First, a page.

Increased power and increased fuel economy
The 2011 Ford Mustang Shelby GT500 combines power and fuel economy into one impressive package. This 2011 Shelby GT500 was the first modern Shelby without the gas guzzler tax, thanks to the EPA-projected 23 mpg highway and 15 mpg city it will deliver. This is up from 22 mpg highway and 14 mpg city for the 2010 model.
The 5.4-liter V-8 achieves 80 percent of its torque between 1,750 and 6,250 rpm, giving the car a higher level of performance feel. A larger two-row intercooler for the supercharger system has 40 percent more cooling capacity, helping to make power more consistent in higher ambient conditions.
Fuel economy gains come from the new 102-pound-lighter aluminum-block engine, EPAS and detailed aerodynamic changes to the underside of the vehicle.
Dramatic performance upgrades
New for 2011 was an SVT Performance Package for enthusiasts who want even more performance out of their Ford Mustang Shelby GT500 for racetrack-ready driving dynamics. Complete with all-new Goodyear Eagle® F1 SuperCar G: 2 tires that SVT engineers worked directly with Goodyear to develop, the car is ready to race. The tires offer superb dry traction and precise handling, complete with a race-inspired high-performance tread compound.
The optional package also offers unique styling, lighter wheels, a higher rear axle ratio and stiffer springs, and it is available on both the convertible and coupe. Data show the 2011 coupe with the SVT Performance Package is 3.0 seconds faster per lap than the 2010 Ford Mustang Shelby GT500 on a 2.3-mile test track.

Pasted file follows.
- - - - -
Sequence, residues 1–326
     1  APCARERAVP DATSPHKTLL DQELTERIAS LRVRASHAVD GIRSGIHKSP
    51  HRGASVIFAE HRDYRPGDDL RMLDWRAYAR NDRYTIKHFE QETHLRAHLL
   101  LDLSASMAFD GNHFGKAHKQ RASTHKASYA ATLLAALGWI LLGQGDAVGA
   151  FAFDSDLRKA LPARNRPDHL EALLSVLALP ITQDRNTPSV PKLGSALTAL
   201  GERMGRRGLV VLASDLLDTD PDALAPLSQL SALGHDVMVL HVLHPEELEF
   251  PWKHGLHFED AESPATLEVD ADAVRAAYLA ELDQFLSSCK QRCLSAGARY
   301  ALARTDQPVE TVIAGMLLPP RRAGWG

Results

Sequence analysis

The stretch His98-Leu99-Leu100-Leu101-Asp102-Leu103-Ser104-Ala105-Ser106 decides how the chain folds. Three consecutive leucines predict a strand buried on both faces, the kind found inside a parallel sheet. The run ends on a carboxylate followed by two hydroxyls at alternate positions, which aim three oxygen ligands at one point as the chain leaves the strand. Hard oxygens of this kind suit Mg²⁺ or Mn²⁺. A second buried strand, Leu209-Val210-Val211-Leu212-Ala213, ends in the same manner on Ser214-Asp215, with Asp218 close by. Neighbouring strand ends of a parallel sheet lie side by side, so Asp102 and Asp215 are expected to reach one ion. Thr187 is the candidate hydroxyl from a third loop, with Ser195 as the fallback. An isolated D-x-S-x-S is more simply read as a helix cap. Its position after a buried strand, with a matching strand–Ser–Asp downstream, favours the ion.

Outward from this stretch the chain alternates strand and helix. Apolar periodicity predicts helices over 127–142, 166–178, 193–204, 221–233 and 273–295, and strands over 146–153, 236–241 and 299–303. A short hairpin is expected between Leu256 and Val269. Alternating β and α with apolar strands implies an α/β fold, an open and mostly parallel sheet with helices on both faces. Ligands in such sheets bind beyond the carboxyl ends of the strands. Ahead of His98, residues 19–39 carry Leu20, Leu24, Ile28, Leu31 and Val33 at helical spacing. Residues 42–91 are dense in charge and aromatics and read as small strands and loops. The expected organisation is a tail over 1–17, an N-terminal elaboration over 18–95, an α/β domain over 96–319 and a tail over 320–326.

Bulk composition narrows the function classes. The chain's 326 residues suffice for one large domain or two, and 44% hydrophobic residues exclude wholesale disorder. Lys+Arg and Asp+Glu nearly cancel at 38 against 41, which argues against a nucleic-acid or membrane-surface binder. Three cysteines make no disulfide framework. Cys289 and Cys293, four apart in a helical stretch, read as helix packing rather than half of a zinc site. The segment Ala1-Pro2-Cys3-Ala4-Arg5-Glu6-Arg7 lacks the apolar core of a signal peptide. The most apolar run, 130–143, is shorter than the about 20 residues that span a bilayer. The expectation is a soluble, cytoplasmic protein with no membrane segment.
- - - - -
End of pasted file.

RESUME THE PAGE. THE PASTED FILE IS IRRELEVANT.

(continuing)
Carried over from 2010, the 2011 Ford Mustang Shelby GT500 features AdvanceTrac®, Ford's stability control system with several options for performance. Calibration of the system for the 2011 Shelby has been uniquely tailored to each vehicle configuration (base or optional) to optimize the performance.
SVT has worked very hard to make EPAS better than the outgoing hydraulic steering system. The addition of EPAS makes for a dramatic contribution to Ford Mustang Shelby GT500 driving dynamics, with improved torque build-up and road feel that delivers quicker and more precise steering, increased effort on the racetrack or winding roads, and reduced effort in low-speed parking maneuvers.
Slotted brake dust shields were added to improve brake cooling and handling, and a new pedal box improves clutch and pedal efforts even more. A lowered ride height of 11 millimeters in front and 8 millimeters at the rear provides a sportier attitude and improved handling.
More engine sound, less road noise
For 2011, Ford Mustang Shelby GT500 also benefits from NVH (noise, vibration and harshness) improvements. Overall road noise is reduced by 20 percent versus the 2010 Shelby. Actions undertaken to achieve this improvement include additional sound-deadening material on either side of the instrument panel, additional sound absorption behind interior trim panels, and a rear wheel arch liner to reduce noise on gravel or wet surfaces - all resulting in the driver hearing more exhaust and engine sound and less road and air noise.
GT500 gets a new exhaust for 2011, roaring with an even more aggressive sound than the 2010 model. The 2.75-inch exhaust with all-new tuning helped to deliver the additional 10 horsepower.
"Whether you're looking to take the GT500 out on the streets or have some fun at the track," Capito says, "this car will satisfy the most discriminating performance driving enthusiasts."